Botrychium erosum Milde
Botrychium negeri Christ
Botrychium ternatum Hook. & Baker
Sceptridium australe (R.Br.) Lyon
Sceptridium negeri (Christ) Holub
Common Name: Parsley Fern
Botrychium australe is a perennial fern growing 5 - 50cm tall. The plant has an erect rhizome 1 - 5cm long and thick, fleshy, contractile roots that are rich in starch. Usually only a single, succulent frond is produced each year and, in most years, sporophore are borne on a stipe 9 - 22cm long[
The plant is harvested from the wild for local use as a food and scent. It is grown as an ornamental in gardens.
Although we have found no reports of toxicity for this species, a number of ferns contain carcinogens so some caution is advisable[
Many ferns also contain thiaminase, an enzyme that robs the body of its vitamin B complex. In small quantities this enzyme will do no harm to people eating an adequate diet that is rich in vitamin B, though large quantities can cause severe health problems. The enzyme is destroyed by heat or thorough drying, so cooking the plant will remove the thiaminase[
Australasia - New Zealand (North and South Islands), eastern Australia, New Guinea; S. America - Chile, Argentina
Occurs along margins, tracks and open areas in sclerophyll forest and rainforest or in grassland and along stream banks; from lowland to subalpine regions[
|Other Uses Rating||
|Cultivation Status||Ornamental, Wild
Botrychium australe has a very wide range from the temperate zone of South Island in New Zealand, north to the tropics of northeast Australia and New Guinea. It is also found from lowland areas to the subalpine zone. Some reports say that the plant requires greenhouse protection in all but the very mildest regions of the temperate zone[
], though with the plant's wide range it should be possible to obtain hardier material from the south of its range or at higher elevations.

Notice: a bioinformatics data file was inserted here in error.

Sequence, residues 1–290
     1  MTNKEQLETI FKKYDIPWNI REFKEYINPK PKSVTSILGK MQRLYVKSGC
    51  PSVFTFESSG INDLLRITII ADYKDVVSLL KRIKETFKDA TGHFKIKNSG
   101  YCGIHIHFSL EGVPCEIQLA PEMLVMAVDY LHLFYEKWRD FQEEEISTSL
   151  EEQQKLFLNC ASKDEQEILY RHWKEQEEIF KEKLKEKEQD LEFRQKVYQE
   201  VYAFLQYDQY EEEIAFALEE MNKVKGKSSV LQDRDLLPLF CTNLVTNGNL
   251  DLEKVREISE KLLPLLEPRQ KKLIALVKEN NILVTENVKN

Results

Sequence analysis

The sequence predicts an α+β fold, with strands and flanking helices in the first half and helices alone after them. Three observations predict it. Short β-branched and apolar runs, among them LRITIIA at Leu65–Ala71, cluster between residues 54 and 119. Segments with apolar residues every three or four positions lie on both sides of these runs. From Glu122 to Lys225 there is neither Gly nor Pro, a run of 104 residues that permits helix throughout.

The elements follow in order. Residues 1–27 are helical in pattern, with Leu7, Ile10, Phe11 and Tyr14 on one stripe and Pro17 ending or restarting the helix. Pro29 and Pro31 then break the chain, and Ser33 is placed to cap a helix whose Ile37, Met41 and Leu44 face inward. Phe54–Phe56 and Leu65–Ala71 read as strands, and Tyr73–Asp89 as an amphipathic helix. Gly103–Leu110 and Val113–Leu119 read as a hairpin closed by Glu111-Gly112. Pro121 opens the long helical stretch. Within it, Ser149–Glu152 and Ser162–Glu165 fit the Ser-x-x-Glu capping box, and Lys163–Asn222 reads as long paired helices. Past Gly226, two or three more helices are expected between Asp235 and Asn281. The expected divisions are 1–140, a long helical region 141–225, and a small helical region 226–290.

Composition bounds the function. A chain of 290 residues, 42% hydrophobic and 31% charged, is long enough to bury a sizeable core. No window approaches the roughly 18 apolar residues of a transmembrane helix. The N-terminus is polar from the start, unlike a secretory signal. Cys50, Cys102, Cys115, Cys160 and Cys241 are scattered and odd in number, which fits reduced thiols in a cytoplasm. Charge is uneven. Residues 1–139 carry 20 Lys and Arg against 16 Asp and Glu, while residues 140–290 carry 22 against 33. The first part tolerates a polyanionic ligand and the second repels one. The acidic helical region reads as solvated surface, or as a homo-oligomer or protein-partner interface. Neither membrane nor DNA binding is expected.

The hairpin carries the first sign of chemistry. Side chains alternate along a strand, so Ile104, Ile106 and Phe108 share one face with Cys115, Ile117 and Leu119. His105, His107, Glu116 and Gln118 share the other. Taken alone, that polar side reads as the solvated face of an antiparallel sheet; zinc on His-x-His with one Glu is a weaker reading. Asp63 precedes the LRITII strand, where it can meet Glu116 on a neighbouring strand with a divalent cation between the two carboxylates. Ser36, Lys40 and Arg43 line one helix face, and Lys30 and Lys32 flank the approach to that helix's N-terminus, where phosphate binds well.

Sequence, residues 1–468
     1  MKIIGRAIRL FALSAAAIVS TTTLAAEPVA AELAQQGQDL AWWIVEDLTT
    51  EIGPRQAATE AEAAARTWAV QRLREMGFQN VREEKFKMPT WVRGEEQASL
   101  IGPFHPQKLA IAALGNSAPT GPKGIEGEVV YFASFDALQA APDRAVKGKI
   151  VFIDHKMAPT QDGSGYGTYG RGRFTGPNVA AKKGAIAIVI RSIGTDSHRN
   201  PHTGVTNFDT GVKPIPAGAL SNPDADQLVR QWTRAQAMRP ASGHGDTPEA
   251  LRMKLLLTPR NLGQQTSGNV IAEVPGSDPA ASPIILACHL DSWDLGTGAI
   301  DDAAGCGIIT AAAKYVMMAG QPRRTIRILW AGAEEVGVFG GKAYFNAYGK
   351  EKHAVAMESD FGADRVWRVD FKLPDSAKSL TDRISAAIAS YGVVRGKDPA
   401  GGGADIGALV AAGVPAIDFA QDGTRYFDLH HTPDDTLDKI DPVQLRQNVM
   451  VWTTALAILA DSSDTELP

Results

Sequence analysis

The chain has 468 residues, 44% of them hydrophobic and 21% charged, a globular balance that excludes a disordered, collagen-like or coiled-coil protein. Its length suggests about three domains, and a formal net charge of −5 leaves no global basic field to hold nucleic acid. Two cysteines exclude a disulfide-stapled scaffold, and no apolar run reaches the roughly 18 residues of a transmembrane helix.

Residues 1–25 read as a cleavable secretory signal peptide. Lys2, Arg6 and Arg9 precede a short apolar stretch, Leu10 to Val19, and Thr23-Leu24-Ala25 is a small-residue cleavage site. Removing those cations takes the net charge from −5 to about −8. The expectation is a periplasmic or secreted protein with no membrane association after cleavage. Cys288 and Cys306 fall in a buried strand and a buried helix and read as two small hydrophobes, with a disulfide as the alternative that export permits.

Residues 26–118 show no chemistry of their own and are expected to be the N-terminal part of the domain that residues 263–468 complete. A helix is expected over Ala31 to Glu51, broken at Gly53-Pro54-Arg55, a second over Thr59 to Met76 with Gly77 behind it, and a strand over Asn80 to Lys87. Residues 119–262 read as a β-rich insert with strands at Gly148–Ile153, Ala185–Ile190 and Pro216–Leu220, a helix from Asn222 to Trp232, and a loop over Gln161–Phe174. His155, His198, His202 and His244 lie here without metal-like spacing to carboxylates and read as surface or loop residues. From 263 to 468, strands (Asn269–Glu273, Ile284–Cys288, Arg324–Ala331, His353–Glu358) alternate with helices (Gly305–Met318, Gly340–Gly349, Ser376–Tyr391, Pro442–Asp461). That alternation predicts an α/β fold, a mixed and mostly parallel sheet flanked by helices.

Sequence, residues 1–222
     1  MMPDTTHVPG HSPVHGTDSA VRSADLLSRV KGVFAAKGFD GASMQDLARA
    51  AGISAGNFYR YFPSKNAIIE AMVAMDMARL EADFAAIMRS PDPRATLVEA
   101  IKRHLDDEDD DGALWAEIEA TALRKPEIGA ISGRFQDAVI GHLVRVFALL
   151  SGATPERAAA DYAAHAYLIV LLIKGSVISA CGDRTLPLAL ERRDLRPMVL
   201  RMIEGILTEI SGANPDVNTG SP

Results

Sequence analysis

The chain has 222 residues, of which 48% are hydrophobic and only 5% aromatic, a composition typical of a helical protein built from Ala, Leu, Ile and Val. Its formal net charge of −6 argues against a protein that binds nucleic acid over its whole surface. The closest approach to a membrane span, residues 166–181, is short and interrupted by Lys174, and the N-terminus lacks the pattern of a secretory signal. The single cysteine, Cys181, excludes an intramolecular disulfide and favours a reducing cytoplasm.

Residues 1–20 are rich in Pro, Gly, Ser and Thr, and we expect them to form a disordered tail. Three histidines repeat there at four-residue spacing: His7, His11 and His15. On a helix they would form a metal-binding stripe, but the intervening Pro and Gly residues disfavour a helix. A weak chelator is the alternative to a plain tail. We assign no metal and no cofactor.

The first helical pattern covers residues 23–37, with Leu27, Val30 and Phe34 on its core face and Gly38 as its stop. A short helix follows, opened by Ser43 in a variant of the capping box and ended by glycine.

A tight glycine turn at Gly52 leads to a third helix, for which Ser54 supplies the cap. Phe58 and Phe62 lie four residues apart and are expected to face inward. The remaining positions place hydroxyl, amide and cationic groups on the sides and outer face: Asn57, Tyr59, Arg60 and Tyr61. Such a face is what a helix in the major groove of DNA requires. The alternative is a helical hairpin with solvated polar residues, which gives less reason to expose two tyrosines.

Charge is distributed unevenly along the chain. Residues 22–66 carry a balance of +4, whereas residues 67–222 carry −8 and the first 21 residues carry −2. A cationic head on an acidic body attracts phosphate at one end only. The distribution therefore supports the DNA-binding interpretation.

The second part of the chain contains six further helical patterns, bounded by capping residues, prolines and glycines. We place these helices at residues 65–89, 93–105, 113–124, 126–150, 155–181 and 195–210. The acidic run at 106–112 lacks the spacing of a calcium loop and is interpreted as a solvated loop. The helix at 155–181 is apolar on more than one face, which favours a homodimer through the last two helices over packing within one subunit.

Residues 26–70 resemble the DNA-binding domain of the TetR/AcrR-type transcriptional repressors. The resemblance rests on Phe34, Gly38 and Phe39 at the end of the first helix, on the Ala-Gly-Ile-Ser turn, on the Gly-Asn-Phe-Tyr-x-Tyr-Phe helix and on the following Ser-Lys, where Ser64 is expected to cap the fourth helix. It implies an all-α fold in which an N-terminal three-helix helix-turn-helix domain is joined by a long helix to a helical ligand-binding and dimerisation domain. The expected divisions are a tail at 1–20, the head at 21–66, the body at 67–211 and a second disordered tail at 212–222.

Prefers a sandy loam with just a small portion of peat[
]. Requires sharp drainage[
]. Best grown in an open position[
]. Plants can be difficult to establish. The prothalli (small plants formed when the spores germinate) of this plant form a symbiotic relationship with a mycorrhizal fungus, similar to the association of orchid seedlings with an invading fungus[
Botrychium australe has contractile roots which are rich in starch and can support the plant if the single frond produced each year is damaged or lost. These roots, which can pull the plant further into the substrate, may also assist survival under very dry conditions[
The plant does not always produce a new frond - it can remain dormant under soil level for at least one year.
Unlike most species of ferns, the fronds of this species grow up straight and not curled inward, crozier fashion[
Members of this genus are rarely if ever troubled by browsing deer[
]. The unexpanded shoots are eaten[
The plant has been used as a scent[
]. Differing reports say that the leaves or the roots were used[
Spores - best surface sown as soon as they are ripe in a greenhouse and do not allow the compost to dry out. Placing the pot in a plastic bag helps to maintain a humid atmosphere which promotes germination and growth. Prick out small clumps into pots when they are large enough to handle and keep moist until established. Grow on in a greenhouse for at least the first winter and plant out in late spring.
Division. It is best not to try and disturb this plant[